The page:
In the '80s, as Reagan promoted an economic plan based on free enterprise and individualism and urged a massive buildup in defense spending, action stars sometimes seemed to function as the administration's public face. Stallone's Rambo trilogy refought and won the Vietnam War, cultivating support for more military spending; in Commando, Schwarzenegger waged a one-man campaign against a communist dictator in South America; and in the first Die Hard, Bruce Willis defied the wishes of the local police and the federal government, defeating German and Japanese bad guys, while winning back his ex-wife who had left him to join the workforce. These reactionary movies railed against government intrusion and offered a solution in the form of vigilante justice.
The new Rogue Cop movies seem to offer the same solutions—mindless violence, not-so-witty action-hero quips, and high body counts—to the problems of today. A Good Day to Die Hard transposes post-9/11 politics onto a Cold War template, as hero John McClane travels to Russia to battle terrorists with a nuclear bomb. The Last Stand, which opens today, offers an anti-immigration allegory, with Schwarzenegger's small-town border sheriff as the last line of defense against an escaped Mexican drug kingpin trying to ram his way back into Mexico. Bullet to the Head tells the story of a rogue cop who teams up with a hitman to solve a murder.
It's significant that these films are being released in January and February, a dumping ground for movies that aren't good enough to earn a prime release date the year before. Last year at this time, Scott Meslow here at The Atlantic quoted the editor of Box Office Mojo saying that, "January typically sees genre films and films that have tested poorly getting their contractually-due theatrical release, while discerning adult audiences are catching up on the various 10-best lists and the general moviegoers are seeing the event films of December." Meslow noted that since 2004, the top-grossing film in January has generally made less than half the total box-office take of the top-grossing film in December.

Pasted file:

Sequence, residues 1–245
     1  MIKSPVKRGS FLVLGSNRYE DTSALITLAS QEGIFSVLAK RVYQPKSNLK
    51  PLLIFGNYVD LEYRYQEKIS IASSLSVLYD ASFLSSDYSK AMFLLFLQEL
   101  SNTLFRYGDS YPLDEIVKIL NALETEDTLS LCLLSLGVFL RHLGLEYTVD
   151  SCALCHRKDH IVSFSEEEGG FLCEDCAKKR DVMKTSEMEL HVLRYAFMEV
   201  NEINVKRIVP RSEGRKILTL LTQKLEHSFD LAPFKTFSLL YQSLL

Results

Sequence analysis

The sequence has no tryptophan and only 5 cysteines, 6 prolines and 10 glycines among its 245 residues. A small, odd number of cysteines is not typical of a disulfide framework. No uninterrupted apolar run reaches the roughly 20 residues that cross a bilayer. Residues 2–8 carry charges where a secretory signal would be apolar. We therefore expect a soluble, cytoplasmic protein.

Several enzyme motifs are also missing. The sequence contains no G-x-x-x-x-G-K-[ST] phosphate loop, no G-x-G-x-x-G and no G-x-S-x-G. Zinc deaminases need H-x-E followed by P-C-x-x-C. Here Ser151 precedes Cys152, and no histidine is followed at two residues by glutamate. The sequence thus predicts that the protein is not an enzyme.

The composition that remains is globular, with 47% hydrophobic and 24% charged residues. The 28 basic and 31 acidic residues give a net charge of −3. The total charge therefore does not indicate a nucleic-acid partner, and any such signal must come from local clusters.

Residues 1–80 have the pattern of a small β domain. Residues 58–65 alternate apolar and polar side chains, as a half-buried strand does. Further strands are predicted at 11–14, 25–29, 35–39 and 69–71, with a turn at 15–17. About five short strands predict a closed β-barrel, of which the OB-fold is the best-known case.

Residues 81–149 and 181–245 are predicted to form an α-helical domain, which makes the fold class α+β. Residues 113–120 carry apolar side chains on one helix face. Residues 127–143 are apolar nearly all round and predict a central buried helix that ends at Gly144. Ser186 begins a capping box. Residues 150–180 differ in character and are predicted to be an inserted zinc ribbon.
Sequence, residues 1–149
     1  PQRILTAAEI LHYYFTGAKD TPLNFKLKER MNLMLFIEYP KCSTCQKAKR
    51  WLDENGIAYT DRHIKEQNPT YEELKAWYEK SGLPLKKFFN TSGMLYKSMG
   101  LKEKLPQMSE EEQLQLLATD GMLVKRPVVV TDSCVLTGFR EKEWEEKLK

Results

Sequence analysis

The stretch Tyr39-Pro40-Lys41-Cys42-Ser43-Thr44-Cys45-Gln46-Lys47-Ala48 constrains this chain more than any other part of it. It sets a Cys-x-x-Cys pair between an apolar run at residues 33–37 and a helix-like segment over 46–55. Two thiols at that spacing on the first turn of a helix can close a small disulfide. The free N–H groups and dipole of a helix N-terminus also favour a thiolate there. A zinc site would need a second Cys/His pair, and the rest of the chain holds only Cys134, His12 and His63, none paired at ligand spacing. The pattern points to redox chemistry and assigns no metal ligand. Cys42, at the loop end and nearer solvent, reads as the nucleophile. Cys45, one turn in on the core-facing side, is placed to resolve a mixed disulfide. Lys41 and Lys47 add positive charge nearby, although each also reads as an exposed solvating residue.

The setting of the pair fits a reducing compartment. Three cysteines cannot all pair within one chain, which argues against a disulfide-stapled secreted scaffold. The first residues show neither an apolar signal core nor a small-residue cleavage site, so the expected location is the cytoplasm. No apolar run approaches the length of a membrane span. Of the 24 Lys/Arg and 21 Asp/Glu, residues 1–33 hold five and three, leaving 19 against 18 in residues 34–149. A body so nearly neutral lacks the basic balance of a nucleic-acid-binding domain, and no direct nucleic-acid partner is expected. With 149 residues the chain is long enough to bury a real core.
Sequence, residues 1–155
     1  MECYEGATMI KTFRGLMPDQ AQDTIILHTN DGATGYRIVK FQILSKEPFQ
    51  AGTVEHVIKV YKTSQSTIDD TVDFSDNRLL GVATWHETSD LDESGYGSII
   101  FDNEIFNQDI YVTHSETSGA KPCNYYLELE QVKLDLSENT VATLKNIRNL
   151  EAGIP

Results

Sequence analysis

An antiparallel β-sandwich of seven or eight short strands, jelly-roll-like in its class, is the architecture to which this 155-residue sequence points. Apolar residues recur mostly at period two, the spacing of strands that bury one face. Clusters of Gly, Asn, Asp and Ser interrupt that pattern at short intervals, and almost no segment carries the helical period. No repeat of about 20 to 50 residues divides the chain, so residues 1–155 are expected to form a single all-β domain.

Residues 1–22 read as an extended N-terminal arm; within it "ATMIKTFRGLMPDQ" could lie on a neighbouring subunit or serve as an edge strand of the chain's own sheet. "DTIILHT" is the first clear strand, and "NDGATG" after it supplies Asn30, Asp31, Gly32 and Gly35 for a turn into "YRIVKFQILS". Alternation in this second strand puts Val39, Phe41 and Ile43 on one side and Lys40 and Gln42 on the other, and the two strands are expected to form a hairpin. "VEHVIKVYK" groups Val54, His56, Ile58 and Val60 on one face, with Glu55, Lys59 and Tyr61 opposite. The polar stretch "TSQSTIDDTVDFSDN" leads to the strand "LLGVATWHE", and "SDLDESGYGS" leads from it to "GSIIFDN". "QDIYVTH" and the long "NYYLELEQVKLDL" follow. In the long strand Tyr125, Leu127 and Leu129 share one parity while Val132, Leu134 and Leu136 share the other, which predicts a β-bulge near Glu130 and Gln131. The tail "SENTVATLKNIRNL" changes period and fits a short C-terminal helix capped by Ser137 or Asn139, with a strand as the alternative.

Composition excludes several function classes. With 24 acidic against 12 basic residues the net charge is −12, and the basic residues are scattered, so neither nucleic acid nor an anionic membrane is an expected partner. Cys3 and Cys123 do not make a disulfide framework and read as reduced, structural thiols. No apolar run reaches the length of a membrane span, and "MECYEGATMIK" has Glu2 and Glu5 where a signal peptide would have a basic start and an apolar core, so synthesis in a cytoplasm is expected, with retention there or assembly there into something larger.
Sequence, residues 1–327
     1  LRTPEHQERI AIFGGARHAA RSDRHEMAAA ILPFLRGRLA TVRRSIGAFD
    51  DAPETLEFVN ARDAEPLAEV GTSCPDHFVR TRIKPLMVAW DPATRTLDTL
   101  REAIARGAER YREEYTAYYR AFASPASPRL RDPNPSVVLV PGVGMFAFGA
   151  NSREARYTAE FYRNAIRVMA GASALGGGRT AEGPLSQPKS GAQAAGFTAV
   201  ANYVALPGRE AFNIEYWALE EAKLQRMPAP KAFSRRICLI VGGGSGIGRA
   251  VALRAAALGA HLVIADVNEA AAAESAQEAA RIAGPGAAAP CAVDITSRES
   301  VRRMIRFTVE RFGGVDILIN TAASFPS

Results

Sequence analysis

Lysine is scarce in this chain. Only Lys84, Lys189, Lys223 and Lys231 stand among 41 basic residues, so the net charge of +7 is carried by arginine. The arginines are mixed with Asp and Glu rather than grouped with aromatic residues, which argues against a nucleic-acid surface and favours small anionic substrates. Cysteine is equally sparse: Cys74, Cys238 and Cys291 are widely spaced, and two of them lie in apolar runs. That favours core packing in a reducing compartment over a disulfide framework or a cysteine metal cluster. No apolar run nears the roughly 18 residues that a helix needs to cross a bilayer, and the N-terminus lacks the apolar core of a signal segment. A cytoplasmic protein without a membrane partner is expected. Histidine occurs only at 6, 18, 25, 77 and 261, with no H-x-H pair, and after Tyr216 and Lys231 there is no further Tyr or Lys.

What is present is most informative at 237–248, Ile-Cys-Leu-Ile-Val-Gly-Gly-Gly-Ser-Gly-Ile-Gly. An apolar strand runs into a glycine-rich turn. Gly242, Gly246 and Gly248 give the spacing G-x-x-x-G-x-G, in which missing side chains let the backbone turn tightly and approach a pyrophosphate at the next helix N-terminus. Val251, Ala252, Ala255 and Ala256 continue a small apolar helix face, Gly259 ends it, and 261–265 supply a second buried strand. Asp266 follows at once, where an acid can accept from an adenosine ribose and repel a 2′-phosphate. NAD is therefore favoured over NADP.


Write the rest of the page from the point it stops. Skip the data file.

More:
And this crop of Rogue Cop films may be of varying quality. But they're also out of step with their times. The more-successful recent action films have been more forward-thinking. It's true that the protagonists of The Hunger Games, The Avengers, and The Dark Knight Rises could all be labeled "rogues," but their heroes achieve their victories through cunning, persuasion, and a degree of teamwork—not brute force. This coming summer, multiplexes will be filled with more contemplative action movies like After Earth and World War Z, which are meant to appeal to the widest possible audience but also appear to tether their violence to some sense of larger moral action.
The action titles out in early 2013, meanwhile, find themselves disadvantaged because of American current events. Gangster Squad, now in theaters, is a prime example. The bloody flick—featuring a team of rogue cops and gangster played by the likes of Sean Penn and Ryan Gosling—was pushed back from its original September 2012 release date because one of its scenes too closely resembled the shooting in Aurora, Colorado. The studio moved the release to January, unaware that another, even more horrifying shooting would occur just weeks before that. To date, it has made a relatively soft $21 million at the box office—just a little more than a third of its reported production budget. Likewise, Tom Cruise's Jack Reacher, in which he plays a rogue military police officer who enacts brutal revenge on an Eastern European bad guy, kicked off this season with its debut on Christmas Day. The film underperformed at the box office, and his more existential sci-fi thriller Oblivion, due out in April, is expected to do much better.